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Wrong arguments for strikes

Wrong arguments for strikes
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First Published: Mon, Jan 12 2009. 08 46 PM IST
Updated: Mon, Jan 12 2009. 08 46 PM IST
Strikes by organized lobbies such as unionized employees, truck unions and workers of all sorts have been a feature of political life in India. January may appear to be an unexceptional month in this respect, but it has been argued (see the Mint story on strikes on Monday) that as the general election approaches, more strikes are in the offing.
Strikes usually are borne out of some disaffection on the part of those who resort to the measure. In the case of truckers, for example, increases in the price of tyres, fuel, tolls and other costs are sore points. Employees usually want higher salaries than what they get. These demands are economic in nature and they suggest that the inability to stabilize prices and price expectations are responsible for the political turmoil caused by strikes.
There is some truth in this. While inflation has come down from its 13% peak last year, the political effects in its wake, strikes for example, are yet to subside. What is preventing them from abating?
In the run-up to the general election, political parties of all hues want to play the strike game. As a voter-cum-worker mobilization device, strikes are unparalleled in their efficiency. Resultantly, a vicious cycle sets in: While the original economic problems sort themselves out, strikes end up creating more problems. The truckers strike, for example, has the potential to bring back inflation. This will lead to renewed problems in the future. So, while the grievances may have some substance, their “solution” will only add to the problem, and not resolve it. This problem has been particularly acute in states ruled by Left parties, where strikes only have political ends.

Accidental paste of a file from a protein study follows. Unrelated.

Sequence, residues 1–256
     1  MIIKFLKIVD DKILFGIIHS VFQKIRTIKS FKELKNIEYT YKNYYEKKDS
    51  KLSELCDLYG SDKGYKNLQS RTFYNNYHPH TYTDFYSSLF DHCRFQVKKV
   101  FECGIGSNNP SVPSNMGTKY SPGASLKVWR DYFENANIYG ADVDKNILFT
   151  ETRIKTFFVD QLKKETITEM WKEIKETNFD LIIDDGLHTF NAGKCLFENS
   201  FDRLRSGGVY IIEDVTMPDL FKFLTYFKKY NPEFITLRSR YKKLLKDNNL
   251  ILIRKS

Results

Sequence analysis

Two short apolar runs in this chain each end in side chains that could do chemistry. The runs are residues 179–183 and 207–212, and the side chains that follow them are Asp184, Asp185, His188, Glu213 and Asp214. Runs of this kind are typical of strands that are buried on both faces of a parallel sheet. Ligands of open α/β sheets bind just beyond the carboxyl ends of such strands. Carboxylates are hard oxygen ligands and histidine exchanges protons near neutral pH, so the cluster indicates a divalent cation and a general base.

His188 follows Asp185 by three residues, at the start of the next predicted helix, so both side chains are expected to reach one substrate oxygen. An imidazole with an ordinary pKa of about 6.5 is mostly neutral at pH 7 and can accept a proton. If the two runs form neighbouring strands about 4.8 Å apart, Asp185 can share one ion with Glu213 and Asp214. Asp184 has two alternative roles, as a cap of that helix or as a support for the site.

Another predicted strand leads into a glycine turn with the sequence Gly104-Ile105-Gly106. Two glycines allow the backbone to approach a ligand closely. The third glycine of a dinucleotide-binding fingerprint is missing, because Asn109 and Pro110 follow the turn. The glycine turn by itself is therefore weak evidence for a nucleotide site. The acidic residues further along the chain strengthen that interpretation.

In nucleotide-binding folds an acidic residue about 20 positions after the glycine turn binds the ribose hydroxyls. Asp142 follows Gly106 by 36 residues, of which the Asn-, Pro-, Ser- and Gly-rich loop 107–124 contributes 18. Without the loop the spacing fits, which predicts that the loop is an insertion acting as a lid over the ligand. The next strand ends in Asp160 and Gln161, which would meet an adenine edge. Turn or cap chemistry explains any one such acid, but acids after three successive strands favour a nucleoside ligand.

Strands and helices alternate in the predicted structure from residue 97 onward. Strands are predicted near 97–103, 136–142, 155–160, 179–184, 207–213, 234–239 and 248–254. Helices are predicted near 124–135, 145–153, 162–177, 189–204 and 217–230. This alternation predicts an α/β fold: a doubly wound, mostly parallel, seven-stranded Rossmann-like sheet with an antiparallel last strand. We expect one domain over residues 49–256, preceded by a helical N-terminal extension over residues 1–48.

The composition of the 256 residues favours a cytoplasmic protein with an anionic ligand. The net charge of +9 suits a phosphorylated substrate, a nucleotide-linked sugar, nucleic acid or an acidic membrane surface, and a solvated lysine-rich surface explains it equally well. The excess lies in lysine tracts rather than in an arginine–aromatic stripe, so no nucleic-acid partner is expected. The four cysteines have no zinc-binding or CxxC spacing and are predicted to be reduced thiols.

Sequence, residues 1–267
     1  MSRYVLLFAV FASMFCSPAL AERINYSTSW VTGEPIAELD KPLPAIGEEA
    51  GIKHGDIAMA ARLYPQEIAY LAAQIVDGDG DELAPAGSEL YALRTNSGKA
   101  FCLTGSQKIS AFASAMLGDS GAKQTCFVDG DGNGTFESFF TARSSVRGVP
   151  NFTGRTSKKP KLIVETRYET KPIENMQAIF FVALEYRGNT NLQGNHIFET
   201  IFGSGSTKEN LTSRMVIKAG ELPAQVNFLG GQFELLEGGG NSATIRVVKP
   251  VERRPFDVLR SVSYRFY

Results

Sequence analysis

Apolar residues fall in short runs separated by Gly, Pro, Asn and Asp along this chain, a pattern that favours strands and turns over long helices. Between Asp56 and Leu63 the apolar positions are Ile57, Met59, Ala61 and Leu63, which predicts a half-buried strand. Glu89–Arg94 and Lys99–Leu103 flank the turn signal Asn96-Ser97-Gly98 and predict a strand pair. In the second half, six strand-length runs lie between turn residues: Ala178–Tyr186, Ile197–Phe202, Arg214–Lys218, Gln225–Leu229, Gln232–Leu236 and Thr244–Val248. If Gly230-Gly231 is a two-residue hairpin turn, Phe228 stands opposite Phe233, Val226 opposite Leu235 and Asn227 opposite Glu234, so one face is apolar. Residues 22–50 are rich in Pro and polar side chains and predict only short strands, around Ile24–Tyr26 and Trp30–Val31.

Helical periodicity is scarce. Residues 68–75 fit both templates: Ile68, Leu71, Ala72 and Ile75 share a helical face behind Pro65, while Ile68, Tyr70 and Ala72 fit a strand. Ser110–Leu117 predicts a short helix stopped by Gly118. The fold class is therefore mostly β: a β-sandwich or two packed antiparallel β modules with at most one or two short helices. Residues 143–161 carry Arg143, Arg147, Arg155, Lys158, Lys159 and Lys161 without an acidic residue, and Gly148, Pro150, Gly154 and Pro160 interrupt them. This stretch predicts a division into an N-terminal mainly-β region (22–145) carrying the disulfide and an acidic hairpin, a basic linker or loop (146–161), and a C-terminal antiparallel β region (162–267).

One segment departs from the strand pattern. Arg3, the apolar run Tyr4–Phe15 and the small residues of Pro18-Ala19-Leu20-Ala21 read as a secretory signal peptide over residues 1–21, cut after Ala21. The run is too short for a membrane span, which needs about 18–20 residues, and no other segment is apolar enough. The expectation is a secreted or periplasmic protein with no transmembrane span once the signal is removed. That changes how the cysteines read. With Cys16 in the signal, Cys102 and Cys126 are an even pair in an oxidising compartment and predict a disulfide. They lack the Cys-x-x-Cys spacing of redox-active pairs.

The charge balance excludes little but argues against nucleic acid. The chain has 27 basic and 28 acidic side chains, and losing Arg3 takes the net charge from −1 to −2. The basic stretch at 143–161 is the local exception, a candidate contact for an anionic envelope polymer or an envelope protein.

Figures show there may be some substance in this. In the 10-year period from 1997 to 2006, the number of strikes in Central public sector undertakings (one of the more unionized sectors of the economy), came down from 1,305 to 420, the man days lost increased from 16.97 million (in 1997) to 20.27 million (2006). While there are no reliable estimates of output lost per man day, going from the demands for higher pay, higher inflation and shortages of goods in these years, one can only say that strikes added to the problems.
Do strikes create more problems than they solve? Tell us at views@livemint.com
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First Published: Mon, Jan 12 2009. 08 46 PM IST